These ready-made example lessons can give you a jumping-off point for using Mathematica to teach these topics in your classes, and offer student activities that will help them explore these topics in Mathematica through creative problem solving.

Abby Brown, who teaches math at Torrey Pines High School, has also created a variety of Mathematica notebooks that may be of interest:
http://teachers.sduhsd.k12.ca.us/abrown/index2.html (under Resources > Computer Files)

She challenges her students to use Mathematica in interesting ways, and has posted many of their projects on their MathematiClub web site...from a kaleidoscope to a beat box machine to an alarm clock. Interesting stuff!

-Kathy
Posted 10 years ago
Thanks, Kathy. This is a great resource!
George
POSTED BY: George Foster
Charles Broming,
You're welcome, please let me know if you use them and how it went.
Jacob Akkerboom,
Thanks for the luck, I just hope I'll enjoy the journey!
Katherine Bautista,
Thanks so much for those references, I've had a quick flick through some of the sample lessons in the Wolfram library, and they seem good for teaching in that traditional way, and I am sure they will allow pupils to explore some concepts. Do you know if Abby Brown is still using Mathematica with her students, as I would be very interested to talk to her if she is?
POSTED BY: Nick James
Yes, Abby still uses Mathematica in I believe both her algebra and calculus classes. I have reached out to her in email to see if she can share some of her experiences.

-Kathy
Thanks, Kathy, that's very helpful.
POSTED BY: Nick James
Hi Nick,

I have also been working to incorporate Mathematica into my instruction.  In particular with my calculus students.  I have developed a few programs to help illustrate the sequential criterion for the limit of a real-valued function, as well as a few other "toys" for lack of a better description.  I call them toys since I developed them to help me learn Mathematica and I found them fun.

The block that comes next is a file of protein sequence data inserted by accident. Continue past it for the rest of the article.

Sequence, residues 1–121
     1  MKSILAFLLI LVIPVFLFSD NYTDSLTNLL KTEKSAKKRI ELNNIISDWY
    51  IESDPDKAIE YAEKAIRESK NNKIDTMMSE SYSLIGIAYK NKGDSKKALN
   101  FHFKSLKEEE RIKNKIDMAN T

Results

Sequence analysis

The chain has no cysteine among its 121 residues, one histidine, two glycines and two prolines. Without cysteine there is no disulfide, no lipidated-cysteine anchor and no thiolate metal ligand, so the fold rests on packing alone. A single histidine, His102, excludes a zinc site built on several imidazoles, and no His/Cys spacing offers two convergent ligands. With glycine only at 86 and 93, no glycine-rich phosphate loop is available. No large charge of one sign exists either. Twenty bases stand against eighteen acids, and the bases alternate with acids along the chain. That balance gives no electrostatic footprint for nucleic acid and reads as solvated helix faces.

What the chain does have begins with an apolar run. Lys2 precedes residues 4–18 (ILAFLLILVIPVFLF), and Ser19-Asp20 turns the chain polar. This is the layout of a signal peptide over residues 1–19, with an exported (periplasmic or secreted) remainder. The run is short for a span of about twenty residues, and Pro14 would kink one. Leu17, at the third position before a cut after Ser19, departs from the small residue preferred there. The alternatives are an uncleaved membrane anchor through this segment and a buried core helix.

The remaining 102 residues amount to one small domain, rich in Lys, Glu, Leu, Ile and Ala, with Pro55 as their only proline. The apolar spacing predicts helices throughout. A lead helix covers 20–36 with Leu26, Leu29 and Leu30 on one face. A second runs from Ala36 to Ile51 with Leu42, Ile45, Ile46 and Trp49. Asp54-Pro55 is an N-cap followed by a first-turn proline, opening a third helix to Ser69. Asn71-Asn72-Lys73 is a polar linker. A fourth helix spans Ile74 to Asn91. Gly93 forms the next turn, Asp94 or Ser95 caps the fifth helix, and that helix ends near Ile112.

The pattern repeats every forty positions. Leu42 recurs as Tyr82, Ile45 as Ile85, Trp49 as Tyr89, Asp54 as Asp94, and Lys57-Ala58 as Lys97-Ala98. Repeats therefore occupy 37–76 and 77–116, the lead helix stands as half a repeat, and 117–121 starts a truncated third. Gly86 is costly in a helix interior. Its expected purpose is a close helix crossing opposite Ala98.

I am in Surrey.  Perhaps we can collaborate?

rk
POSTED BY: Robert Kennedy
Hi Nick,

Thanks for your files.

I have put two files into a dropbox.  I wrote these files for my colleagues to begin learning Mathematica.  I am going to use them with my calculus students at the beginning of the year.  I will post more in the future.

https://www.dropbox.com/sh/szay3k8yjlg55ed/ZMFvL-BEiB

Have Fun
POSTED BY: Robert Kennedy
Hi Robert,
Of course I would love to collaborate, and that is true for any other secondary teachers who are watching. I can't see a way for direct messages to happen through this forum, so my email is:
jamesn AT ashfordschool. co. uk
POSTED BY: Nick James
Posted 11 months ago

Hello Nick, my name is John and I teach math and science at a small private school in the US. I was just reading through your post on the Wolfram community from 9 years ago. Our math department has recently been trying to figure out curriculum choices to spiral computational thinking through our grades(5-12). Are you still active in this regard? I have been trying to find other schools that have committed to the ideas of e.g., Conrad Wolfram and Jo Boaler and more specifically schools that have implemented computational thinking and computer-based maths throughout their mathematics course sequence. However, I haven't had much success finding working implementations at the primary/secondary school level. Have you looked into this? I am a WL/Mathematica user myself and use it in my classroom and with my students and this seems to be the most common state of affairs. One or two people here and there trying to do things. Your insights would be greatly appreciated. Thank you,

POSTED BY: John Martin